Service on the Second Ave. Subway may still be over five years away, but it’s seemingly going to happen this time around. Can the fourth time be the charm?



21 Responses to “SAS Update: The TBM cutterhead arrives”

  1. Josh K says:

    Too bad that pretty yellow paint job won’t last more than a few minutes of tunnel boring. The whole face of that cutter head will be grinding against Manhattan Schist, breaking up the bedrock and then scooping it out of the way. I’m fairly certain that while the cutter head itself is harder than rock, the pain on it isn’t.

    Once all of the parts of the TBM are in the launch box and tunneling is underway, there won’t be much evidence of progress on the surface. There will be a constant flow of dump trucks getting loaded with muck over at the muck tower, but other than that, the upper ’90’s might see something vaguely resembling normality for a few months. Until of course, they start building ventilation structures and putting a permanent road deck in.

    If the MTA were smart, they’d hold on to the TBM and lease it to NJ Transit for the THE/ARC/MTT/ whatever they want to call it now project. I’m sure they’re going to need at least 1 TBM capable of dealing with Manhattan Schist. Then once that’s done, maybe the economy will be in better shape and phase III of SAS will be ready to go.

    • Scott E says:

      The MTA owns the TBM — it’s property of the contractors: Shea, Skanska, and Schiavonne. (if I’ve got that right…)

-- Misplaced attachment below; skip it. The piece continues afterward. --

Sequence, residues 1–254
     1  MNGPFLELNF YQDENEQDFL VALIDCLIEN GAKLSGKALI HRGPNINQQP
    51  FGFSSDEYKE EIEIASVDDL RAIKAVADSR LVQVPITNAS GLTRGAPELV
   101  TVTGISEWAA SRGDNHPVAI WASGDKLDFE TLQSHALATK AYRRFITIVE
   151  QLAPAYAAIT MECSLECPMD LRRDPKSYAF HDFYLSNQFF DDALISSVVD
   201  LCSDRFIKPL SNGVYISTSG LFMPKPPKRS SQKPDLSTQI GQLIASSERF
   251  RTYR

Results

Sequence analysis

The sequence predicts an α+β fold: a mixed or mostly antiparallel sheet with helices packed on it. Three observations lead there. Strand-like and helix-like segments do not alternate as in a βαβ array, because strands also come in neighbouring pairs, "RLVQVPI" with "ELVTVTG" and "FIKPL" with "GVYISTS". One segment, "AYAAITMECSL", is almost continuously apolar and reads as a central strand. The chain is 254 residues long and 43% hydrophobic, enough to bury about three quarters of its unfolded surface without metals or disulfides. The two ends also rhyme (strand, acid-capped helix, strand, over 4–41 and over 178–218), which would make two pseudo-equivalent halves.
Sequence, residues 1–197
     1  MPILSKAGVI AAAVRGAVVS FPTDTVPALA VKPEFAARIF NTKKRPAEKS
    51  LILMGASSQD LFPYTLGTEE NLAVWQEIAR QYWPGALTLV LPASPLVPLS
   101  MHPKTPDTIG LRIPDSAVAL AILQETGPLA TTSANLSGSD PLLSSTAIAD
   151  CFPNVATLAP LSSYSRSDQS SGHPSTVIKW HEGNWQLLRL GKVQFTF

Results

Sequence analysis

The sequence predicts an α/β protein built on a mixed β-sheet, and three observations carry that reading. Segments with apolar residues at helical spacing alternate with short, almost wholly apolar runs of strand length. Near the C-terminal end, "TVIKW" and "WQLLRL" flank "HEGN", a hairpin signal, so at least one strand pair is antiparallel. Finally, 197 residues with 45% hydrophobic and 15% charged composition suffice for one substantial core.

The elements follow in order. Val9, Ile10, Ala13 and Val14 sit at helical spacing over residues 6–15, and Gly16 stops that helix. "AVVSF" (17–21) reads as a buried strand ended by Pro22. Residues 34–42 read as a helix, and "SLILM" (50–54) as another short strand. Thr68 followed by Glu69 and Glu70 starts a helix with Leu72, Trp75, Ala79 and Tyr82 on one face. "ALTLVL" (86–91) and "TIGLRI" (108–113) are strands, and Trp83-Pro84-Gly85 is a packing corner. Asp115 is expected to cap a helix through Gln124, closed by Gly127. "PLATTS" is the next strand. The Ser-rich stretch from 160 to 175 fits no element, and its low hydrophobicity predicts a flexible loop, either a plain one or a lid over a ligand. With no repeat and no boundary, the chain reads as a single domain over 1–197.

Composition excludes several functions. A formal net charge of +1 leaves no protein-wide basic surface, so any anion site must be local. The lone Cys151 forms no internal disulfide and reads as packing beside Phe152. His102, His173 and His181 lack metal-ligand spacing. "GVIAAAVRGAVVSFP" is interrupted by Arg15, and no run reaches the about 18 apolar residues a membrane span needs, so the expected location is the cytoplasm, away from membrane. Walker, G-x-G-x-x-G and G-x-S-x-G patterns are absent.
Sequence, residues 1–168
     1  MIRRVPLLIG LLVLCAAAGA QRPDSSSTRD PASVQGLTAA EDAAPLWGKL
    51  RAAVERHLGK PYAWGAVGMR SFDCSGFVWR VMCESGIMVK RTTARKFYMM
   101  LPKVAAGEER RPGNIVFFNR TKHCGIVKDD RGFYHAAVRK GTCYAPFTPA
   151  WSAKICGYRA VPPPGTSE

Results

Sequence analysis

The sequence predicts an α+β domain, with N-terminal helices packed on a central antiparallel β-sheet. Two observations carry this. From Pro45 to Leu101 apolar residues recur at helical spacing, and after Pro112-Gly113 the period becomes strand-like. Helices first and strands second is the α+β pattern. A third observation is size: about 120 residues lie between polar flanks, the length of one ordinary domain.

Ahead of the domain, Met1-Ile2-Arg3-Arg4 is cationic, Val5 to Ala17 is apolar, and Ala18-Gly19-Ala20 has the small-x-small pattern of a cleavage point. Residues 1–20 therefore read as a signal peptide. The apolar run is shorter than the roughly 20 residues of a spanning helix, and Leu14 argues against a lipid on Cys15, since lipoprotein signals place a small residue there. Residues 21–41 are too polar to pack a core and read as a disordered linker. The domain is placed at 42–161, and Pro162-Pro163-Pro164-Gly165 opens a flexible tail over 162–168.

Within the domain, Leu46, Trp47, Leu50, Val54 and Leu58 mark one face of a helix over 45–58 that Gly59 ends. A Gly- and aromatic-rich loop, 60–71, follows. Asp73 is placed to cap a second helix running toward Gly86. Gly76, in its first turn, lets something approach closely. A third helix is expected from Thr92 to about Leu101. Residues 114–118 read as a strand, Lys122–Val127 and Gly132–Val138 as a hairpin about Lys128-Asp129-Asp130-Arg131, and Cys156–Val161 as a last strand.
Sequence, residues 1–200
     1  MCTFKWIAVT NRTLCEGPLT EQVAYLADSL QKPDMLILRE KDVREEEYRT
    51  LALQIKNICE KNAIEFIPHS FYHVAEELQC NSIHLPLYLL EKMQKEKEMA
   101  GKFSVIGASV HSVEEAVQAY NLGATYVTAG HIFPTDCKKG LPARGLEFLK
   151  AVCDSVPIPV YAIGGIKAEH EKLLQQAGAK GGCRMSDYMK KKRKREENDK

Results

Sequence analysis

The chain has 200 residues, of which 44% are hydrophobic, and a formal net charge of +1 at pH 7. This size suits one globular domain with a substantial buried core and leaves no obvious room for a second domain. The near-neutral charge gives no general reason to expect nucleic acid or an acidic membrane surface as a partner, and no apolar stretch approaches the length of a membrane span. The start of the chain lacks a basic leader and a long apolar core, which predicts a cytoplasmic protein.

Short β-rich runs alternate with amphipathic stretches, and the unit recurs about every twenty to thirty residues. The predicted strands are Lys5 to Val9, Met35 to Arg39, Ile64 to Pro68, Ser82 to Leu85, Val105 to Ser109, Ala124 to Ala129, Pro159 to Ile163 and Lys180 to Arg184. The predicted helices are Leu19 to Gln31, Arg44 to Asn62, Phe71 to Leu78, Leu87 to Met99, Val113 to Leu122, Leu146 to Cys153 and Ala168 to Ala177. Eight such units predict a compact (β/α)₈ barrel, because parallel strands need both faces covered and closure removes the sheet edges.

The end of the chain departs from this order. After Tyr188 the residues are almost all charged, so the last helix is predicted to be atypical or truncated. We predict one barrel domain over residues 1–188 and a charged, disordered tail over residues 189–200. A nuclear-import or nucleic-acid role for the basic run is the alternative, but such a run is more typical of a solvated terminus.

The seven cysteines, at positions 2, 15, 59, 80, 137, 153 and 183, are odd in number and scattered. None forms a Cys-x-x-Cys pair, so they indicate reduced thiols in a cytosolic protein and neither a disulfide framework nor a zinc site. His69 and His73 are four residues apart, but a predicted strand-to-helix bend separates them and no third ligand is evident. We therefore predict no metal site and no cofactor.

And seeing that it’s got 30 years of “experience”, I don’t think it’s ready to be retired just yet. I wonder how much of it is actually 30 years old, and how many parts are new.

      • Scott E says:

        Sorry, I meant to say the MTA does not own the TBM. See what happens when you don’t proofread!

        • AK says:

          The blades have got to be replaced semi-frequently, right? Someone with more knowledge? I mean, grinding against bedrock must take its toll. These machines are pretty sweet.

          • Josh K says:

            Yes, the cutter disks (not installed in this photo) and the scoop blades (see the dark metal on the scoops next to the “Q”) all have to be changed at regular intervals. This requires several sandhogs to crawl through an access crawlspace to the face of the cutter head, where there is nothing shoring up the newly cut rock.

    • Jerrold says:

      Phase 3?
      How about Phase 2?

  2. Eric F. says:

    Great pics once again!

    A modest proposal: Is there any way NY schools can expose kids to infrastructure projects like this? There has to be some subset of kids that could be inspired to take up engineering after seeing this sort of stuff working away in real time in NYC, making their city a better place.

    • E. Aron says:

      That’s a good and thoughtful proposal. Too bad they had to sneak the thing in at 10 pm. I would’ve loved to see it upfront, I’m only 7 blocks away.

  3. Jack says:

    Phase 3 will never happen.

  4. Evan says:

    I wonder…since they’re going to open up the unused platform at 63rd St…are they going to extend the Q to 63rd St first and then up to 96th st?

    Also…and I know this may be premature…but once phase I is complete with the Q and the N both bypass 49th St? Thoughts?

    • Scott E says: